Car Shares: Great for the Environment, Great for your Wallet

While it may not always be the case, very often you’ll find that making a concerted effort to lessen your impact on the environment fits hand in hand with that more often sought after goal; saving money.

One area, where this correlation is at its most pronounced is transportation. According to the World Resources Institute, emissions caused by transportation account for as much as 13.5% of the global total. This figure is reflected in the way we in the west arrange our finances, with the average American spending roughly 18% of everything they earn on the purchase and maintenance of cars, a figure which obviously doesn’t factor in how much the nation spends on other, similarly fossil fuel-intensive modes of transport.

Part of the reason for this high cost is that, economically speaking, petroleum is thought of as being subject to inflexible demand. That is to say, companies can charge high prices for fuel, and people will pay up rather than switch to an alternative way of living, believing that they have no choice.

Of course, this isn’t true. If we were determined, most of us probably could live without cars, though, of course, this may be highly impractical. But the simple fact is that you don’t need to give up car journeys to reduce emissions. We can very easily lower the number of vehicles on the road, even if everybody made the exact same number of journeys as before.

Car shares, allow for huge financial savings and stand to help rationalise the way the world’s increasingly scarce resources are being used. On average, cars on our roads carry less than two passengers per journey. By pooling resources and pushing that average up, people stand to save money as well as cut back on needless emissions.

Getting a car pool together shouldn’t even be particularly difficult as there are many instances where the commuters stuck behind each other in a long line of traffic are all heading to the same place. In certain urban areas, for example, 24% of all traffic is dedicated to either dropping off or picking up students from the local school.

In such a situation, neighbours could very easily halve the levels of traffic on the road by agreeing to carpool in pairs. Indeed, as the traffic is attached to an institution such as a school, who have data on where everyone lives, figuring out the most efficient possible car pool would not be particularly difficult, and the same goes for any number of similar situations, most obviously the morning commute for co-workers living in the same area.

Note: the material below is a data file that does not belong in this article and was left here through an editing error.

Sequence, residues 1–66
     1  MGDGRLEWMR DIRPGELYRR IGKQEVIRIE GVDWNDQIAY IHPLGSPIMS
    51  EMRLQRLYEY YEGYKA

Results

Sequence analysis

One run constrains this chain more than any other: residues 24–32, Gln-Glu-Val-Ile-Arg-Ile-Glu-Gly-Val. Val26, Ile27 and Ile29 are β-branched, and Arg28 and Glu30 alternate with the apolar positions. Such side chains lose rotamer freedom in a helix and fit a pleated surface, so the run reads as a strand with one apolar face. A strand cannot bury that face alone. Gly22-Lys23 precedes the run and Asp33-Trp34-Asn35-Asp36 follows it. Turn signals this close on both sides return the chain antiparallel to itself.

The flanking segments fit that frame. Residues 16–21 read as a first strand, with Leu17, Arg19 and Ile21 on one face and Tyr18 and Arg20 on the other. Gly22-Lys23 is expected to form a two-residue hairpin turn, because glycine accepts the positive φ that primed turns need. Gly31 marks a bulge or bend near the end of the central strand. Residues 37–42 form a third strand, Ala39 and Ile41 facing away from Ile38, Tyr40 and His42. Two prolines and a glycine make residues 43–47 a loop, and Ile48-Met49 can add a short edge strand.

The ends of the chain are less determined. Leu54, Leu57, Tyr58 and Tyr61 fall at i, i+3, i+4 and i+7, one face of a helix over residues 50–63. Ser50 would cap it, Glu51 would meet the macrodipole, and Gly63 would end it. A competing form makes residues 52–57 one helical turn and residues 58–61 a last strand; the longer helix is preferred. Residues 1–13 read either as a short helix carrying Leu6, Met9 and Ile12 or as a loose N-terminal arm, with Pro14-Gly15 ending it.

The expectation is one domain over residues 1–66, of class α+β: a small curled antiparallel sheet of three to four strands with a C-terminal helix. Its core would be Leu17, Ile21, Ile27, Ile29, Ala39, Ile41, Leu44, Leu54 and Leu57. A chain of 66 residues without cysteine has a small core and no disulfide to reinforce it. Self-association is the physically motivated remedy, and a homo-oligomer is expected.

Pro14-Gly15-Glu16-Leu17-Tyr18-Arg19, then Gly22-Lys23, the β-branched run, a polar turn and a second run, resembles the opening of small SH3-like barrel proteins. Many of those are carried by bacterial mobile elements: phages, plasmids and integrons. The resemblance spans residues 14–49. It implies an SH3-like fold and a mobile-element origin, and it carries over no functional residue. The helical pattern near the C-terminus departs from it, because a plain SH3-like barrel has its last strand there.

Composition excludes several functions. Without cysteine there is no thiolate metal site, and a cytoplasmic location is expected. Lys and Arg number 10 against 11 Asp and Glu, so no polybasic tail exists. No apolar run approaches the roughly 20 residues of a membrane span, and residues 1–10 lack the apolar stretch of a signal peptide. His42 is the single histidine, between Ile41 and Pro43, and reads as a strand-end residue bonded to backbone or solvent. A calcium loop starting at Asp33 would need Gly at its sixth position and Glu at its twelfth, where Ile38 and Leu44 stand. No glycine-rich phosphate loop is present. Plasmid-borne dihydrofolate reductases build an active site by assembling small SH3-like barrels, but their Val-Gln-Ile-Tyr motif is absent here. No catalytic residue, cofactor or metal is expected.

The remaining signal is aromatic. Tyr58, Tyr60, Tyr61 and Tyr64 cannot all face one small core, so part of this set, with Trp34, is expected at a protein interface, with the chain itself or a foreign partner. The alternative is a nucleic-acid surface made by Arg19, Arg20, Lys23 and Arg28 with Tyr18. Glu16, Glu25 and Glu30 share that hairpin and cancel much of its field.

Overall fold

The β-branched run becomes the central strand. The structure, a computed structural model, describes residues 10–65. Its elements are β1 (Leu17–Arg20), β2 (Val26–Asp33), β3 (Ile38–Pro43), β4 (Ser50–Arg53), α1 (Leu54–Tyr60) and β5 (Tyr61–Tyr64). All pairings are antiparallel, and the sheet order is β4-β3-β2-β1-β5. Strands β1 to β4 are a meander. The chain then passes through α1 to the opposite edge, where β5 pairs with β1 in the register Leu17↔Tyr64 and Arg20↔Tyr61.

There is of course no need to limit the car pool to those who own a car. Anyone willing to contribute their fare share to the costs of the pool could get involved, as there’s no real need for more than one car.

Expanding on this logic, you soon arrive at the model of joint ownership, which offers a more eco friendly, more cost effective way of having private transport available for those who know that they do not constantly need a car available.

Many businesses have already been set up to provide people the chance to join ‘car clubs’ where a number of people pay for access to a number of cars whenever they need them, saving on the costs of ownership and reducing the number of vehicles needed to serve the needs of their community.

If you already make the effort to use your car as little as possible, you could stand to save thousands from entering into a car share or car pool arrangement with other likeminded people around you. Talk to your local school, your employer and your neighbour as well as looking online to see where opportunities are already available, and where you might be able to create them.

This post was written by Steve Waller who runs ‘Green Steve’ a blog documenting his personal journey to live a carbon neutral existence. He writes on a number of green issues and tries to simplify the often overly-complicated world of environmentalism.

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